One of the older settlements in this part of East Sussex. Iden probably began like so many other towns and villages in the Weald as a small clearing in the forests that covered the south of England. The wild boar roam again now in this area as they must have done then but little else remains the same. Of Iden's castle which was similar to (but older) than Bodiam Castle, nothing remains but the moat. It was a home to Alexander Iden who was responsible for capturing and killing the revolutionary Jack Cade. In later times much of the property and nearly all the farmland around Iden was part of the Curteis family Estates. This was broken up in the early 1900's.
The tower at the All Saints Church is now the main part remaining of the earlier Norman Church, although there are traces from the 12th century. Sensitive restoration has created a simple light-filled interior. Over the West door are the arms of Sir William Scott, one of the inhabitants of Iden's Castle-the-Mote.
Iden is lucky to still have a shop. It would have been turned into a house but the village intervened and now the shop belongs partly to the villagers. The Bell Inn public house is at the heart of the village next to the shop and thank goodness it is there. The Village Hall is not the most beautiful of buildings but essential to life in Iden and used practically every day of the year. Looked after by a dedicated committee, it is supported financially by a share in the profits of Iden's annual fete.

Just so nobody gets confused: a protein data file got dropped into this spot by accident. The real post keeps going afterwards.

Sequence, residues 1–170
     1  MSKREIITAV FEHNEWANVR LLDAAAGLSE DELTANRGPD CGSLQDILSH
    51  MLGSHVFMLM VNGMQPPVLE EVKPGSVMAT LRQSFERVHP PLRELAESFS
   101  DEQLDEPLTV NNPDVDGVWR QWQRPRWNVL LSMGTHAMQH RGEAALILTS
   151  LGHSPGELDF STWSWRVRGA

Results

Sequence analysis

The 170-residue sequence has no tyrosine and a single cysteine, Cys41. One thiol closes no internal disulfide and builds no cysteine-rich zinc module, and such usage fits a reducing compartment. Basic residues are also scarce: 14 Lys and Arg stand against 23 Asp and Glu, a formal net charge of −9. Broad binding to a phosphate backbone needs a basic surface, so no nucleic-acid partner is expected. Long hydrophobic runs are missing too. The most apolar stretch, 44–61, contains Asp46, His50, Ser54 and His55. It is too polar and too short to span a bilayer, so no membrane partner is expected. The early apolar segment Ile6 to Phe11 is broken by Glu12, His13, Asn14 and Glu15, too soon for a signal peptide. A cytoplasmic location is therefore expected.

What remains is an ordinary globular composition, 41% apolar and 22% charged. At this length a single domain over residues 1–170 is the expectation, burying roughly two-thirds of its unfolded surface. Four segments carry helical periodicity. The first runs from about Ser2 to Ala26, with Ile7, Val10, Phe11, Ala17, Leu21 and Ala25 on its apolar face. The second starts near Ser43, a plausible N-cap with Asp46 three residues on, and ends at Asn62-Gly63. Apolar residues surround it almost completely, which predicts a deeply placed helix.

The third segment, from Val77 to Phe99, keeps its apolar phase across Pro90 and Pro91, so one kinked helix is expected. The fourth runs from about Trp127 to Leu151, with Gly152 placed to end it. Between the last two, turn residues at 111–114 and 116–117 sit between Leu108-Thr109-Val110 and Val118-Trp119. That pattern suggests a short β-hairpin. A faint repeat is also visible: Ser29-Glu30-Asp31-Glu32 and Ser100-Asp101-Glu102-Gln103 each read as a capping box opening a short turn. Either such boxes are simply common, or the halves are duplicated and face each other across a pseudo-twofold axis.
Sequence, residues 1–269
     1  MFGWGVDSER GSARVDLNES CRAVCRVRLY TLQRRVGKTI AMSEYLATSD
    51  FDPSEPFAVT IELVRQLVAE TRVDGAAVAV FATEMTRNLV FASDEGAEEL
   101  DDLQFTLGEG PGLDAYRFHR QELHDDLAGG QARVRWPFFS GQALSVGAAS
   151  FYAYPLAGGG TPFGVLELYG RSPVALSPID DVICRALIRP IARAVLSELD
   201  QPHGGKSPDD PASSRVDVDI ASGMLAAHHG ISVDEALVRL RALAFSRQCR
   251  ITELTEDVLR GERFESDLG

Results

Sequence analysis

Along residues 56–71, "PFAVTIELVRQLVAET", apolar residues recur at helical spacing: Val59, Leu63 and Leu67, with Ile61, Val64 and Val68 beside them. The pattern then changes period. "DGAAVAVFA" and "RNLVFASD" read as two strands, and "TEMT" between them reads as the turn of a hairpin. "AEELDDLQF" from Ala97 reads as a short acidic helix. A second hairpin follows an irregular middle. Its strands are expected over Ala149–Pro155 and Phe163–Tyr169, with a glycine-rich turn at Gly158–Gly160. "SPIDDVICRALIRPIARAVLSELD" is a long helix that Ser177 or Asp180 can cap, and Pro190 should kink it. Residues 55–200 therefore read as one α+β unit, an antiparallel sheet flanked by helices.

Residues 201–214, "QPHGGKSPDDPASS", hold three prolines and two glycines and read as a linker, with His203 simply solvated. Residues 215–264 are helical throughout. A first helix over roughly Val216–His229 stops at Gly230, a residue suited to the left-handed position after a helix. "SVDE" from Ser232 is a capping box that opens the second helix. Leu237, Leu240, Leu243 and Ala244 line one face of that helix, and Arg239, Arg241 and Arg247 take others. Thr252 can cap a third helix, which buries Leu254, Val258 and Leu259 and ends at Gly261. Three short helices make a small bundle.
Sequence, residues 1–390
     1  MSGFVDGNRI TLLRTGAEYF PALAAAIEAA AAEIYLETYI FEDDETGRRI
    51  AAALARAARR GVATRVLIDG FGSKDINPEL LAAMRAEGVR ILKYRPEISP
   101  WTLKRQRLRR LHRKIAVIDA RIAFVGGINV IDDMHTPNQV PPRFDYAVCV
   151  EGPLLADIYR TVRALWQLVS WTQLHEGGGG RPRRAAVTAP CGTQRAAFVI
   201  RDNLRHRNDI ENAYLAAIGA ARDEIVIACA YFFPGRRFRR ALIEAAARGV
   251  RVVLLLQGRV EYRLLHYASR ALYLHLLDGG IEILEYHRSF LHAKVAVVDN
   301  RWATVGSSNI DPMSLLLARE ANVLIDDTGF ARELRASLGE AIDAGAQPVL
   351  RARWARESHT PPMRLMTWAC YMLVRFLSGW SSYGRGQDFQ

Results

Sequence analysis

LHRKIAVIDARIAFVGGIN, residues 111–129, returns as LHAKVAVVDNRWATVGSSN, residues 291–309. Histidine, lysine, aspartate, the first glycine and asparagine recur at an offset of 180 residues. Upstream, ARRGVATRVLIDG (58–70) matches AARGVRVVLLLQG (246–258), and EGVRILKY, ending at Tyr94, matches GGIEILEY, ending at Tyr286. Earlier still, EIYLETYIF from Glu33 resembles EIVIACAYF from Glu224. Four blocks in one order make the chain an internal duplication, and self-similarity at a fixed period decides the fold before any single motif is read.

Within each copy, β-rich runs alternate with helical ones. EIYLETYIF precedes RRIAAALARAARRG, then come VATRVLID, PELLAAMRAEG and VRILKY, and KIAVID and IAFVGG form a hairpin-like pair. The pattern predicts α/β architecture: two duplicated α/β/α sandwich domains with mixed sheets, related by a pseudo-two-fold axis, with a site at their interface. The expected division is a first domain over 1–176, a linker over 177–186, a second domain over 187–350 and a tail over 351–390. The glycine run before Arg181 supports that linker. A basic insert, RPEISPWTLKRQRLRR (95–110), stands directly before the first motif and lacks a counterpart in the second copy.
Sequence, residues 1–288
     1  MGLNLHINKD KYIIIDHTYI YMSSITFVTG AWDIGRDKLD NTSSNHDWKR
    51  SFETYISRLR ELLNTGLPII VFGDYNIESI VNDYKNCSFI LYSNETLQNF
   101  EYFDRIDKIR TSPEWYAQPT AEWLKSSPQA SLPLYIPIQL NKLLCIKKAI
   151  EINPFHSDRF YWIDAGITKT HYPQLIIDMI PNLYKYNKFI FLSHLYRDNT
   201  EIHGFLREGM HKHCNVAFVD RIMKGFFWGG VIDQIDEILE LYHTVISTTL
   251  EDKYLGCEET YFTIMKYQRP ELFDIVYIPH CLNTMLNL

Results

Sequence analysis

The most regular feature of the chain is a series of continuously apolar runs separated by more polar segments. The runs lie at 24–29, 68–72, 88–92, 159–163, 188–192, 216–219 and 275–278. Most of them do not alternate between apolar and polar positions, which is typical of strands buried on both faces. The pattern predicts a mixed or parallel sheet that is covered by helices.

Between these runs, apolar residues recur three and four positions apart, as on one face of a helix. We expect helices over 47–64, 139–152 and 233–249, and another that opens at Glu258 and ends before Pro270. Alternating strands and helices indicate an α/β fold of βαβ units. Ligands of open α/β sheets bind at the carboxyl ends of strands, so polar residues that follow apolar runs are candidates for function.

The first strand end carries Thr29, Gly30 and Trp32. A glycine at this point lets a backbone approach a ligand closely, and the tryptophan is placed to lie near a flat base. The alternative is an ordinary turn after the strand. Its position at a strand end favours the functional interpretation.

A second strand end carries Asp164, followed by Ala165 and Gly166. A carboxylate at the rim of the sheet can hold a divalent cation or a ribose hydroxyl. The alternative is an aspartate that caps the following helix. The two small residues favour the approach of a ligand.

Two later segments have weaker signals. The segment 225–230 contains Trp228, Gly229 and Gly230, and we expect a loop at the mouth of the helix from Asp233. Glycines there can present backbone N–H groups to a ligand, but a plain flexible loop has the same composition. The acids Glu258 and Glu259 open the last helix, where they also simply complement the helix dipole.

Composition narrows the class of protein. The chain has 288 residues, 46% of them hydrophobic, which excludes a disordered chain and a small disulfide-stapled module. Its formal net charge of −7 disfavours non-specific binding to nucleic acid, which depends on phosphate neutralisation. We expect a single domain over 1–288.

The Recreational Ground is a field given to the village by the Mason family.A more perfect setting for a game of cricket could not be imagined. The Fete is held here each July and profits are used amongst other things to care for this wonderful asset. The land for The Bowls Green was given to the village by Miss Josepha Smith, shortly before her death. The Bowls Club have turned this corner of a field into one of the finest greens in the area. New members are always welcome.
Oxenbridge is perhaps the finest house in Iden. Built in the 15th century with unusually high ceilings as the Oxenbridge Family were exceptionally tall by Medieval standards, one being known as "The Oxenbridge Giant". Erected before the time of chimneys and window glass, the smoke would have drifted up through a hole in the thatched roof.
Text supplied with the kind permission of Christopher Strangeways.